Some critics have compared the summer camp at which Washington as Coach Boone brought the blacks and whites together as a team as like a Marine Boot Camp but everyone missed the subtlety of this. I went through Boot Camp at a time when the military was just integrating and we had southern blacks and whites as well as a mix of races from other parts of the country in my platoon as well as all classes. It didn’t take very long for us to become as one unit. The first part of boot camp is sure hell and the reason for it is that it reduces everyone to the lowest common denominator of misery and you quickly learn that the only way to escape that misery is to work together. This is just the way Coach Boone made it work.
What I liked about this movie is that it showed how all this played out. Most moviegoers today are not really aware of how bad racism was in 1971 but this movie illustrates it well. Even though the movie has a few corny moments and the actors playing the roles as football players look old for high school, these faults are minimal and do not detract from the power of the film.
A lie that perverts the history it allegedly portrays and defames people
This film is one terrible lie. As with a handful of other reviewers here, I was also a victim of the TC juggernaut, having attended Groveton High School during that period. It was a joke to play TC in any varsity team sport: football, basketball, soccer… it didn’t matter. Everyone knew that a school three times their size was going to destroy us — the only question was how badly. They were never, ever, an underdog in any sport — to suggest otherwise is absolute bunk.
To add insult to injury, they changed the name of our team from the Tigers to the “Lions” (because they felt that Tigers was too close to Titans), and they depicted us as backwater hicks… which was laughable, since Groveton served Hollin Hills, the most intellectual and progressive community in the entire DC area, as well as other upper-middle class neighborhoods filled with career government professionals.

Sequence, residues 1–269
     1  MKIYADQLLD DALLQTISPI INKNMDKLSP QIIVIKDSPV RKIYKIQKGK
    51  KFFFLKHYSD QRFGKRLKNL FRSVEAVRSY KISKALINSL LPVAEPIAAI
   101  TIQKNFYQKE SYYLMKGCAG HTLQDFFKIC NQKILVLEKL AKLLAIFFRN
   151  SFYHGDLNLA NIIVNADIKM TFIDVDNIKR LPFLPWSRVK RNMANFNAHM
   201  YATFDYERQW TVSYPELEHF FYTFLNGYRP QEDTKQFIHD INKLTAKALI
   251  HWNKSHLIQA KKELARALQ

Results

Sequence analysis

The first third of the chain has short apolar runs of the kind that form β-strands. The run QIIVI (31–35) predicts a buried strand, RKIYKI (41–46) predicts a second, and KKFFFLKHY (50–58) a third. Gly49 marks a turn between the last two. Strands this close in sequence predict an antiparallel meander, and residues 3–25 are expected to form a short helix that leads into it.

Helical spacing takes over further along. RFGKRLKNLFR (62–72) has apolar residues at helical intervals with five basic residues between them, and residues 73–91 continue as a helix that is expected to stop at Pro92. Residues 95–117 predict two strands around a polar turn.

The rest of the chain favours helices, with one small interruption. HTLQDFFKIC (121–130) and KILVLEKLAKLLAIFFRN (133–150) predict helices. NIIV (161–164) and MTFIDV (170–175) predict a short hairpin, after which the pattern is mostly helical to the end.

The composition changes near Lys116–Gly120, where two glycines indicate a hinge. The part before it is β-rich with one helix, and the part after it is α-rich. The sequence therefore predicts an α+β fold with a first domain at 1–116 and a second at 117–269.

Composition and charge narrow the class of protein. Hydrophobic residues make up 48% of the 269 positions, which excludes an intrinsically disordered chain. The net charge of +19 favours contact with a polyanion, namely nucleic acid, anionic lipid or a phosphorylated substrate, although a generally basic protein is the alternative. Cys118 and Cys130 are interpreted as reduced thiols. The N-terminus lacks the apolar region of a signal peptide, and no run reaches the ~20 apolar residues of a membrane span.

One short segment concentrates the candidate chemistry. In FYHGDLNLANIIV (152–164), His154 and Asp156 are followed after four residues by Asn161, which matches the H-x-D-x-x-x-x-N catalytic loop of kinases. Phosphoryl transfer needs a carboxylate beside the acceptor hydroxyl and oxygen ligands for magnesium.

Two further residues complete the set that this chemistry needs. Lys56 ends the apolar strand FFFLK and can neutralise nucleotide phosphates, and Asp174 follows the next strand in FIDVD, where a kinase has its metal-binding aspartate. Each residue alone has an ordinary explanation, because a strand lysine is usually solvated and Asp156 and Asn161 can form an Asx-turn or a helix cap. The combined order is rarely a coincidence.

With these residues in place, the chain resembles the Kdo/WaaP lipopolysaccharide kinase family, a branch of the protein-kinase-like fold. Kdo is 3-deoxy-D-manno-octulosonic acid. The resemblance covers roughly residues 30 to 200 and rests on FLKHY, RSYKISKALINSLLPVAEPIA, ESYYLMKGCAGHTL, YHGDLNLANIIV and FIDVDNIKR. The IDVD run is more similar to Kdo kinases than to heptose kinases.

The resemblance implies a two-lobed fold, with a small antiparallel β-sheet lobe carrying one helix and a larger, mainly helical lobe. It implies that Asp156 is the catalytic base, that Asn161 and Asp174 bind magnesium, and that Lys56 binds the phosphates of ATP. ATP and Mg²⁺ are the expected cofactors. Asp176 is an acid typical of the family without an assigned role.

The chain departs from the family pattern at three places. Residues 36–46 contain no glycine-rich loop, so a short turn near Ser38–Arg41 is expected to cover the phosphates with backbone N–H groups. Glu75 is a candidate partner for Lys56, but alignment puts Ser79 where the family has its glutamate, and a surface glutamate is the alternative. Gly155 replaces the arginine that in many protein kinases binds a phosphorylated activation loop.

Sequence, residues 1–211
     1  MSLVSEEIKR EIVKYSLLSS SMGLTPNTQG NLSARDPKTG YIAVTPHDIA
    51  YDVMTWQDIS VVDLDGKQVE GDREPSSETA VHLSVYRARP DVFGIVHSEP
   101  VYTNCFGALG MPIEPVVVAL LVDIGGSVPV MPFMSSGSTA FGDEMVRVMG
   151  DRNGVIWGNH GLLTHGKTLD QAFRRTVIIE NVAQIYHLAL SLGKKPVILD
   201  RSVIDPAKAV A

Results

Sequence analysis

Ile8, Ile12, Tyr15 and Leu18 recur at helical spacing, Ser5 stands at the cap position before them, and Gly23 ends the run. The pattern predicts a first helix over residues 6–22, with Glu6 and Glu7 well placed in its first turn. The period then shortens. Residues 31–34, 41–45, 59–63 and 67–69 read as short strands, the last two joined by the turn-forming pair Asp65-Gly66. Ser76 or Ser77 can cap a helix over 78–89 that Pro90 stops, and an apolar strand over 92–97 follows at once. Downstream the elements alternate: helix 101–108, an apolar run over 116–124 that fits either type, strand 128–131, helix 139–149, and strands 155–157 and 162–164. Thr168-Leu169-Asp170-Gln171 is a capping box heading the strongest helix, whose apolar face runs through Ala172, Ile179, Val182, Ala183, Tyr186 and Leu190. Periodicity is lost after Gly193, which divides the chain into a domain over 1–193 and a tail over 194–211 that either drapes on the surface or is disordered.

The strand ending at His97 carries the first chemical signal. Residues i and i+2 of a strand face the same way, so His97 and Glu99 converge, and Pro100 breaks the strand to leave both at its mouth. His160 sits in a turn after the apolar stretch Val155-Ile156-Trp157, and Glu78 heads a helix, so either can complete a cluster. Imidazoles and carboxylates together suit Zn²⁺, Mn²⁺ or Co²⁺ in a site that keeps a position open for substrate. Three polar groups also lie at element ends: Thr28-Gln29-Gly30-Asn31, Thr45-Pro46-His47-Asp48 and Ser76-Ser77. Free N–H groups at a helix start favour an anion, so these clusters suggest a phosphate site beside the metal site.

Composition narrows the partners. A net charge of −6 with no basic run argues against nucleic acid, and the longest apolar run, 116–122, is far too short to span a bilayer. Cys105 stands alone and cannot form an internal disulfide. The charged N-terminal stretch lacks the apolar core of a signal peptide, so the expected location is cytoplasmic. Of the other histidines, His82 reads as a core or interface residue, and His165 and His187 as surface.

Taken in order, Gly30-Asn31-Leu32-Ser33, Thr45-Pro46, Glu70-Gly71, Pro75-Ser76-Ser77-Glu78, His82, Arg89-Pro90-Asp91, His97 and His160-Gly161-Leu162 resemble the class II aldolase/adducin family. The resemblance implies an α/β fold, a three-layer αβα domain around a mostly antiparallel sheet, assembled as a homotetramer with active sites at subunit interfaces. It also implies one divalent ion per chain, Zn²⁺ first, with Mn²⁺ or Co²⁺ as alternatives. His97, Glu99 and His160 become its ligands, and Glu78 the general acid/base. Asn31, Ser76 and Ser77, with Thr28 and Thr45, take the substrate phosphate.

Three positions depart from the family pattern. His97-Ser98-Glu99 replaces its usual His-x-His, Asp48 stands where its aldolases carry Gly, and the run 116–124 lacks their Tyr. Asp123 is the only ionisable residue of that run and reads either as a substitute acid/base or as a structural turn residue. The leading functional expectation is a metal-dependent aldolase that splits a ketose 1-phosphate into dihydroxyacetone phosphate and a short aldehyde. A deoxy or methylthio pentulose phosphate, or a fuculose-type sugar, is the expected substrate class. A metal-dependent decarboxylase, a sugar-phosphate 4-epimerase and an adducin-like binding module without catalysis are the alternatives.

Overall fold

The problem, of course, is that Hollywood dreck like this becomes gospel to those who have no knowledge of the actual events. Rather than accept moral responsibility to make a film based on real life events reflect the truth, they purposefully pervert it to satisfy their biased fantasy and obliterate the historical record.
I wish I could give this grossly insulting film a negative rating, to help make up for those who have embraced it as heart-rending “truth”, given that they know nothing about the events it claims to document.
Original Language en
Runtime 1 hr 53 min (113 min), 1 hr 59 min (119 min) (director’s cut) (USA)
Genre Biography, Drama, Sport
Director Boaz Yakin
Writer Gregory Allen Howard
Actors Denzel Washington, Will Patton, Wood Harris, Ryan Hurst
Awards 8 wins & 18 nominations.
Production Company Run It Up Productions Inc., Walt Disney Pictures, Technical Black, Jerry Bruckheimer Films
Sound Mix DTS, Dolby Digital, SDDS, Dolby SR (Western Electric Recording)
Aspect Ratio 2.39 : 1
Camera Panavision Cameras and Lenses
Laboratory Technicolor, Hollywood (CA), USA (prints)
Film Length 3,111 m (Sweden), 3,167 m (Spain)
Negative Format 35 mm (Eastman)
Cinematographic Process Panavision (anamorphic)
Printed Film Format 35 mm (Eastman), D-Cinema (2021 Re-Release)